You might also find information on the diagnosis or management of Melnick-Needles syndrome in Educational resources (http://www.ghr.nlm.nih.gov/condition/melnick-needles-syndrome/show/Educational+resources) and Patient support (http://www.ghr.nlm.nih.gov/condition/melnick-needles-syndrome/show/Patient+support).

General information about the diagnosis (http://ghr.nlm.nih.gov/handbook/consult/diagnosis) and management (http://ghr.nlm.nih.gov/handbook/consult/treatment) of genetic conditions is available in the Handbook. Read more about genetic testing (http://ghr.nlm.nih.gov/handbook/testing), particularly the difference between clinical tests and research tests (http://ghr.nlm.nih.gov/handbook/testing/researchtesting).

To locate a healthcare provider, see How can I find a genetics professional in my area? (http://ghr.nlm.nih.gov/handbook/consult/findingprofessional) in the Handbook.

Where can I find additional information about Melnick-Needles syndrome?

You may find the following resources about Melnick-Needles syndrome helpful. These materials are written for the general public.

You may also be interested in these resources, which are designed for healthcare professionals and researchers.

What other names do people use for Melnick-Needles syndrome?

  • Melnick-Needles osteodysplasty
  • MNS
  • osteodysplasty of Melnick and Needles

For more information about naming genetic conditions, see the Genetics Home Reference Condition Naming Guidelines (http://ghr.nlm.nih.gov/ConditionNameGuide) and How are genetic conditions and genes named? (http://ghr.nlm.nih.gov/handbook/mutationsanddisorders/naming) in the Handbook.

What if I still have specific questions about Melnick-Needles syndrome?

Ask the Genetic and Rare Diseases Information Center (http://rarediseases.info.nih.gov/GARD/).

What glossary definitions help with understanding Melnick-Needles syndrome?

actin ; atypical ; bulging eyes ; cell ; chromosome ; cytoskeleton ; dislocation ; dysplasia ; gene ; inheritance ; micrognathia ; mutation ; obstruction ; palate ; protein ; scoliosis ; sex chromosomes ; short stature ; spectrum ; stature ; syndrome ; X-linked dominant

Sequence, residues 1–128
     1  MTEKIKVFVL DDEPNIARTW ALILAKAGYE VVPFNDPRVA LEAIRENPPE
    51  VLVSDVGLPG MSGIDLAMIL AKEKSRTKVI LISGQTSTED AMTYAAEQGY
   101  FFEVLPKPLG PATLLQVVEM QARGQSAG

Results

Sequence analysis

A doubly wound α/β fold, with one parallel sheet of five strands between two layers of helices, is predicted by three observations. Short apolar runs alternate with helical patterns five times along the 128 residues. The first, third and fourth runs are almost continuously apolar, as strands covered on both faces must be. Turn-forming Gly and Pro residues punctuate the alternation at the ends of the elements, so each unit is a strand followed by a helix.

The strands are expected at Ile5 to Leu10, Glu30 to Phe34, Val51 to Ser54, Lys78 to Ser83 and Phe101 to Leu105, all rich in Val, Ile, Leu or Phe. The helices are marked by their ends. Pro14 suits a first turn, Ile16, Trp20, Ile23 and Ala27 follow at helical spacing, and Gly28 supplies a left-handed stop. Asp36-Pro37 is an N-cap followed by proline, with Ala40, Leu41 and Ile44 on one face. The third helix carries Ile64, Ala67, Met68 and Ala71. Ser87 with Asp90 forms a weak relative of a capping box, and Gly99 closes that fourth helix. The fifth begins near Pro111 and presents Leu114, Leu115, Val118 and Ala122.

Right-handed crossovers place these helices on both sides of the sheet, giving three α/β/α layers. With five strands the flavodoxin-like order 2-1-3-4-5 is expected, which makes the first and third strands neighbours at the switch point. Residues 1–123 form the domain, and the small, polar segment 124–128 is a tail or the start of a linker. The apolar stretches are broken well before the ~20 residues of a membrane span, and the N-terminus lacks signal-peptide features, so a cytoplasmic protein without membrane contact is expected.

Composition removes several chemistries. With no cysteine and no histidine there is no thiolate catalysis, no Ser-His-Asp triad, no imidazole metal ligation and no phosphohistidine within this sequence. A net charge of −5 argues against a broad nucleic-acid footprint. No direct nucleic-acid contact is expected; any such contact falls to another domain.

You may find definitions for these and many other terms in the Genetics Home Reference Glossary (http://www.ghr.nlm.nih.gov/glossary).

References

  • Albano LM, Bertola DR, Barba MF, Valente M, Robertson SP, Kim CA. Phenotypic overlap in Melnick-Needles, serpentine fibula-polycystic kidney and Hajdu-Cheney syndromes: a clinical and molecular study in three patients. Clin Dysmorphol. 2007 Jan;16(1):27-33. (http://www.ncbi.nlm.nih.gov/pubmed/17159511?dopt=Abstract)
  • Gene Review: Otopalatodigital spectrum disorders (http://www.ncbi.nlm.nih.gov/books/NBK1393/)
  • Kristiansen M, Knudsen GP, Søyland A, Westvik J, Ørstavik KH. Phenotypic variation in Melnick-Needles syndrome is not reflected in X inactivation patterns from blood or buccal smear. Am J Med Genet. 2002 Mar 1;108(2):120-7. (http://www.ncbi.nlm.nih.gov/pubmed/11857561?dopt=Abstract)
  • OMIM: MELNICK-NEEDLES SYNDROME (http://omim.org/entry/309350)
  • Robertson SP, Twigg SR, Sutherland-Smith AJ, Biancalana V, Gorlin RJ, Horn D, Kenwrick SJ, Kim CA, Morava E, Newbury-Ecob R, Orstavik KH, Quarrell OW, Schwartz CE, Shears DJ, Suri M, Kendrick-Jones J, Wilkie AO; OPD-spectrum Disorders Clinical Collaborative Group. Localized mutations in the gene encoding the cytoskeletal protein filamin A cause diverse malformations in humans. Nat Genet. 2003 Apr;33(4):487-91. Epub 2003 Mar 3. (http://www.ncbi.nlm.nih.gov/pubmed/12612583?dopt=Abstract)
  • Robertson SP. Otopalatodigital syndrome spectrum disorders: otopalatodigital syndrome types 1 and 2, frontometaphyseal dysplasia and Melnick-Needles syndrome. Eur J Hum Genet. 2007 Jan;15(1):3-9. Epub 2006 Aug 23. (http://www.ncbi.nlm.nih.gov/pubmed/16926860?dopt=Abstract)

 

The resources on this site should not be used as a substitute for professional medical care or advice. Users seeking information about a personal genetic disease, syndrome, or condition should consult with a qualified healthcare professional. See How can I find a genetics professional in my area? (http://ghr.nlm.nih.gov/handbook/consult/findingprofessional) in the Handbook.

 
Reviewed: November 2007
Published: July 7, 2014